By Paula Ann Solis
Bryce Ashley Reed, the West paramedic who turned from town hero to arrestee after the explosion April 17, has begun his 21-month prison sentence for illegal firearm possession and obstruction of justice.
Reed pleaded guilty in October to both charges after his attorney, Jonathan Sibley, filed for an extension in the plea bargaining deadline with federal prosecutors. Wednesday, U.S. District Judge Walter Smith said Reed must serve 21 months for each charge concurrently. He will also have 3 years of supervised release when his sentence is complete.
During his allocution, which is when the defendant makes a statement to the court after stage hearing and before the sentencing, Reed apologized for constructing and later hiding from authorities explosive devices at his house.
“There’s nothing I can say to repair my life,” Reed said before the judge and court observers when his sentence was announced.
Reed cried as he spoke to the judge and said his actions were a “horrific and terrible mistake.”
Reed was part of the emergency crew that responded during the April 17 West fertilizer plant explosion and he spoke during the firefighter’s memorial service held at the Ferrell Center on April 25, on behalf of his friend and fallen firefighter, Cyrus Reed.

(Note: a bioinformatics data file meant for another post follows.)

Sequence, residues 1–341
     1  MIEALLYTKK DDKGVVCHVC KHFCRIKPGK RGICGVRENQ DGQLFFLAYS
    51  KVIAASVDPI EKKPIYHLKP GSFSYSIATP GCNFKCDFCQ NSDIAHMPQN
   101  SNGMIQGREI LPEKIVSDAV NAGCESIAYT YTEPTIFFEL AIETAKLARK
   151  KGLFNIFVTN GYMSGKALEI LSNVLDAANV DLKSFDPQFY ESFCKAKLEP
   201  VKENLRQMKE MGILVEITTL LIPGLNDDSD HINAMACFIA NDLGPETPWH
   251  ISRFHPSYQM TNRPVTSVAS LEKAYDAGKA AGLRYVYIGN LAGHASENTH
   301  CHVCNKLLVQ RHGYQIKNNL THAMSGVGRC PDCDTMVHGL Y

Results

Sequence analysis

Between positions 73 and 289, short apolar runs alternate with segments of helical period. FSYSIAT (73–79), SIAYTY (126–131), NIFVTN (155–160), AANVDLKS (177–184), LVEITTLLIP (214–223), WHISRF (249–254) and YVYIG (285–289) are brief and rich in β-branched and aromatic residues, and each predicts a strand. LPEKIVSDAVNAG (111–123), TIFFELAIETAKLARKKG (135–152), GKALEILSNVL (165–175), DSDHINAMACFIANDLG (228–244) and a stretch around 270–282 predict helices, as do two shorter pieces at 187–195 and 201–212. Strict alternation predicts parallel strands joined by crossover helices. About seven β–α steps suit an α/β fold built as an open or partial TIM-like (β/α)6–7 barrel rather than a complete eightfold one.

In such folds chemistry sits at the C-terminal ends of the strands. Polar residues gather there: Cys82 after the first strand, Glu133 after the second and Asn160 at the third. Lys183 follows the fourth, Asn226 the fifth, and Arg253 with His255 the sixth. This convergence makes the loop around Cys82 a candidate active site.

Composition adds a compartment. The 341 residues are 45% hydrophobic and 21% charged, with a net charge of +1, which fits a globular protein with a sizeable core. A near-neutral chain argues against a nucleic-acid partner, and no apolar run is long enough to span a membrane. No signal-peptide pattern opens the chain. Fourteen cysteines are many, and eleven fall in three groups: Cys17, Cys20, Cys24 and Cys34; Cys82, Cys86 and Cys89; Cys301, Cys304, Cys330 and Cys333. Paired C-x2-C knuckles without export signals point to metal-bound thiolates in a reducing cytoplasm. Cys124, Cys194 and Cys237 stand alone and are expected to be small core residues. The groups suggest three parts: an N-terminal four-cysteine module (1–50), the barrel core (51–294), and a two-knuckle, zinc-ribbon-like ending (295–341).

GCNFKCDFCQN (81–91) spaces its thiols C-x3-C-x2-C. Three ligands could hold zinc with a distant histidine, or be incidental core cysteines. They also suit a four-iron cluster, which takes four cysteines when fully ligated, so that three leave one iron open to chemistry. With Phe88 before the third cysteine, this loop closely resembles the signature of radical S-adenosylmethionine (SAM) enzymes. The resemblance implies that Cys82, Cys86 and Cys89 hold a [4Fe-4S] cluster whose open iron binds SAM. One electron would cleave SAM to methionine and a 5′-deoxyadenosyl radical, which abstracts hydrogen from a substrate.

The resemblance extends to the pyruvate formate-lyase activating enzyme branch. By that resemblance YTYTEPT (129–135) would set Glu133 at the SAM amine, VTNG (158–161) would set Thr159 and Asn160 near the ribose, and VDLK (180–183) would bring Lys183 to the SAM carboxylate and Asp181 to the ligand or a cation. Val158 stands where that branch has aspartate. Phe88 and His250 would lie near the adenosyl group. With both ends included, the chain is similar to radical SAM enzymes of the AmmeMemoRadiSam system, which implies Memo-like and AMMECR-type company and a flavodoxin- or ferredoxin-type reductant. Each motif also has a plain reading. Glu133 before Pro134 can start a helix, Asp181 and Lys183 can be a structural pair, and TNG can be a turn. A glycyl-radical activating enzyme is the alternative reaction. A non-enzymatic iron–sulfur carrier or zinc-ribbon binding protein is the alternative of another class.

Authorities later learned he distorted facts about what he saw during the blast and hid explosive devices at his home.
West EMS service dismissed Reed days after the explosion, but Reed was never officially considered a suspect in the plant explosion.
Before entering the court, Reed spoke about his regret for his actions and the effect they have had on his hometown, family and reputation.
“I can’t tell you what it’s like to have your face associated with the worst day of your life, and to be blamed for something that you didn’t do,” Reed said. “I lost my job. I lost my town … I lost my wife, and she took my kid. And that was all in a four-day period.”
The cause of the fire that led to the deadly explosion in West was declared “undetermined” in May and three possible causes remain as possibilities: a problem with West Fertilizer’s electrical system, a battery-powered golf cart or criminal activity. The investigation is still open.
West Fertilizer Co., the West plant where the explosion took place, was fined $118,300 by the Occupational Safety and Health Administration for 24 safety violations on Oct. 10.